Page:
The markets are scared of stagflation, but if it's anywhere, it's Britain. It is the combination of high prices and extremely slow and, most likely, negative GDP growth that can explain the collapse of the GBPUSD to the 37-year bottom area. And you don't need to blame all the bumps on a strong US dollar. In mid-September, the pound collapsed not only against it, but also against the euro after the release of statistics on retail sales.
In August, the indicator sank 1.6% MoM, and on an annualized basis, it was stuck in the red zone for five months in a row. Barring the early days of the COVID-19 pandemic, there hasn't been such a bad streak for retail in over 10 years. MUFG called the report terrible, predicting a further fall in the sterling, and Capital Economics believes that the data indicate that the UK economy is already in recession.
Dynamics of retail sales in Britain
An attempt to revive it with a £150 billion support package for households affected by the energy crisis and the tax cut of about 1% of GDP announced during the election race by Liz Truss's team is a double-edged sword. Conservative intervention in the gas market could slow down inflation in the short term but accelerate it in the medium term. Indeed, the growth rate of consumer prices in Britain decreased from 10.1% to 9.9% in August, but inflation expectations on the 12-month horizon, on the contrary, rose from 4.6% to a record 4.9%.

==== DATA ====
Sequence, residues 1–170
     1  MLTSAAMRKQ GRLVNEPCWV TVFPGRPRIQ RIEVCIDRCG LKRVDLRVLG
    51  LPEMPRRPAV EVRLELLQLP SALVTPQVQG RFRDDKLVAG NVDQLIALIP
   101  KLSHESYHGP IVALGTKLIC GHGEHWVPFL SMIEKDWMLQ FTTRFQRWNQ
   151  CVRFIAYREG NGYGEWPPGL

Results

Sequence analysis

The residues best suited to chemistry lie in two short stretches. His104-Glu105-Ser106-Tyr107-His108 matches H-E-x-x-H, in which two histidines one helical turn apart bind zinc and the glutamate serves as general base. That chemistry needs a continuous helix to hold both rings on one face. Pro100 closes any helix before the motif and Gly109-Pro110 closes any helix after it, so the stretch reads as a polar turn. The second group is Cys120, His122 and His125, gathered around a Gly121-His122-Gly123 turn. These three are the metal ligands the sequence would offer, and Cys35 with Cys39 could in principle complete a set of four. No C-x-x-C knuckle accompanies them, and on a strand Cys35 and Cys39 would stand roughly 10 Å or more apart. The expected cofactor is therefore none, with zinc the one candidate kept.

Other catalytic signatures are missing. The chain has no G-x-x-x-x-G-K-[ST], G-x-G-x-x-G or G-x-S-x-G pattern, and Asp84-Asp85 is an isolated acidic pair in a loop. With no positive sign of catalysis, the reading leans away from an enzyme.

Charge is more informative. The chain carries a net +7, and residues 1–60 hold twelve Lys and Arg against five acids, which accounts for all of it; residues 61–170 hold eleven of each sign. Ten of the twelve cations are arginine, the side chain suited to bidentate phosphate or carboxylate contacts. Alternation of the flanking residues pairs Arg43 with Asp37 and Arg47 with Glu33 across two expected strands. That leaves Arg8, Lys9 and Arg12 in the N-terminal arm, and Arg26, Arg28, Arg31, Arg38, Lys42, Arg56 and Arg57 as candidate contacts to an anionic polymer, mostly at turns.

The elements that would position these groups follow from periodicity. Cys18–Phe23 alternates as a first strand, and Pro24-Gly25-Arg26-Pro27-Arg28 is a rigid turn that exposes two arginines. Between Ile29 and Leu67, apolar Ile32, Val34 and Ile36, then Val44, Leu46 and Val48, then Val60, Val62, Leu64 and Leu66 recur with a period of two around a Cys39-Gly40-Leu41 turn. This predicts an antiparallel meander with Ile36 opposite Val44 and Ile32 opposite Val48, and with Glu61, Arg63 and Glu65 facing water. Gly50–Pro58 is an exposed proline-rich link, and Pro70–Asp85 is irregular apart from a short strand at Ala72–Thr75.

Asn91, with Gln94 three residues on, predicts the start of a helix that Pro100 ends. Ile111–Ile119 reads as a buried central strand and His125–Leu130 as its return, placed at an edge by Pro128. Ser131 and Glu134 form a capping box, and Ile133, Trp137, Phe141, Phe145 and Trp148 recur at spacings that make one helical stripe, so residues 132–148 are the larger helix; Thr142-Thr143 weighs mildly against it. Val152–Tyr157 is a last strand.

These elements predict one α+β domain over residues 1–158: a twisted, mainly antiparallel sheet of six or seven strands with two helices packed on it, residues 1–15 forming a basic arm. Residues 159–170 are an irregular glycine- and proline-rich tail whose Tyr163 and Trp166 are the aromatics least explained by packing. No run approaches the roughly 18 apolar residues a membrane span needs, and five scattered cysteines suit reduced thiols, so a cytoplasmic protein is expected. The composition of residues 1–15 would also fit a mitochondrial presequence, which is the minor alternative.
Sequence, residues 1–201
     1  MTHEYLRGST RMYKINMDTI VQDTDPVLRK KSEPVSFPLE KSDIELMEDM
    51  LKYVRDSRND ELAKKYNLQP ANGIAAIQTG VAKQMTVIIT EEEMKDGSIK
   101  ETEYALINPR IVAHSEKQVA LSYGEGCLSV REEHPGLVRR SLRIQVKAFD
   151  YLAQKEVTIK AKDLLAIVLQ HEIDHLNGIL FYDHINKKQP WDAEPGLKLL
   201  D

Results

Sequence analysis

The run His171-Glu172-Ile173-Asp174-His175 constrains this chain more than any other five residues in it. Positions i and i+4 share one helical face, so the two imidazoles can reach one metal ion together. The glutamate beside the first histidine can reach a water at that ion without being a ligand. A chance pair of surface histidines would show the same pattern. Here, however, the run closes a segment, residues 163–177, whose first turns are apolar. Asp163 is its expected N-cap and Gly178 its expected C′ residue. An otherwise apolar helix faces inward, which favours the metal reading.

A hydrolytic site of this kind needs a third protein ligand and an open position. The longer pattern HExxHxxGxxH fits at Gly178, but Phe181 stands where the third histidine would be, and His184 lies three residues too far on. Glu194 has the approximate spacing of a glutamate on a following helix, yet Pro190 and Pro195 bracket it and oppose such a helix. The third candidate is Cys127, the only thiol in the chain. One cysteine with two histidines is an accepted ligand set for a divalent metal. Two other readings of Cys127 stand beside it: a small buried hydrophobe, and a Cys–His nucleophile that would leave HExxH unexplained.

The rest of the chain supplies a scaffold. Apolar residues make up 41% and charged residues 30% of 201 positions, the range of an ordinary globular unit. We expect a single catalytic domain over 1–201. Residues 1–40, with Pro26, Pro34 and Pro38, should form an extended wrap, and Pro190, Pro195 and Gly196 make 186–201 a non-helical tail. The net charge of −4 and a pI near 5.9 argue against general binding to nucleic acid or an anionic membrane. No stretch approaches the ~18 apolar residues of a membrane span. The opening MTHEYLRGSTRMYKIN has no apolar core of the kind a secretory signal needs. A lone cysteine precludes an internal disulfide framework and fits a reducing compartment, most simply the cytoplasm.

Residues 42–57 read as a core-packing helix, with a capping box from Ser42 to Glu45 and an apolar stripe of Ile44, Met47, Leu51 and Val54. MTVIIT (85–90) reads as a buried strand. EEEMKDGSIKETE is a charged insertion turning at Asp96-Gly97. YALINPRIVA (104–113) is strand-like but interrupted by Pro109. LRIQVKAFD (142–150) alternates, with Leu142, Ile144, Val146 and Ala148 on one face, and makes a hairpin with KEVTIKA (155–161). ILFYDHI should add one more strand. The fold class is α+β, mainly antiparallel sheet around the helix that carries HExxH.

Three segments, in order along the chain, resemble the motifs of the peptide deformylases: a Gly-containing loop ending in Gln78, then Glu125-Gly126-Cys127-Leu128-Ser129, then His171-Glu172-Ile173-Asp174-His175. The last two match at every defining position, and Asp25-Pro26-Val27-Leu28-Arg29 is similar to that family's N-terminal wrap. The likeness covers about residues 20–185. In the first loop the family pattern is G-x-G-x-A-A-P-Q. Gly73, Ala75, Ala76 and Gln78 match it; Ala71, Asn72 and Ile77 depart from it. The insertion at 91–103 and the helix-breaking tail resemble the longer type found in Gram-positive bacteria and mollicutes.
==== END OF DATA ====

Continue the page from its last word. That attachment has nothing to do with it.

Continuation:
Fiscal incentives complicate the work of the Bank of England, which, it seems, is simply obliged to act aggressively but is afraid to go too far, fearing the negative impact of an excessively fast monetary restriction on the economy. The derivatives market is fully confident in the increase in the repo rate by 50 bps at the MPC meeting on September 22 and gives a 65% chance of a 75 bps increase in borrowing costs.
In the meantime, the dissatisfaction of the electorate with the BoE's monetary policy has reached its climax.
Dynamics of public satisfaction with the work of the Bank of England
I would not be surprised if, under such conditions, the intervention of the Liz Truss government in the work of Andrew Bailey and his colleagues does not cause public criticism.
Thus, the situation in the UK looks worse than ever, but any coin always has two sides. The collapse of the GBPUSD would not have been possible without the strong US dollar. The futures market predicts that in 2023 the federal funds rate will reach 4.5%, and about 70% of Financial Times experts believe that the 4–5% range will become its ceiling. 20% of economists believe that it is even higher. The Fed's monetary tightening potential has not been disclosed, and it appears to be greater than that of the BoE. The American economy looks better than the British one. Where can GBPUSD not fall?
Technically, on the daily chart of the analyzed pair, falling quotes below the pivot point 1.138 will increase the risks of the downward trend continuation in the direction of 1.12 and 1.115. While GBPUSD is trading below 1.15, the recommendation is to sell.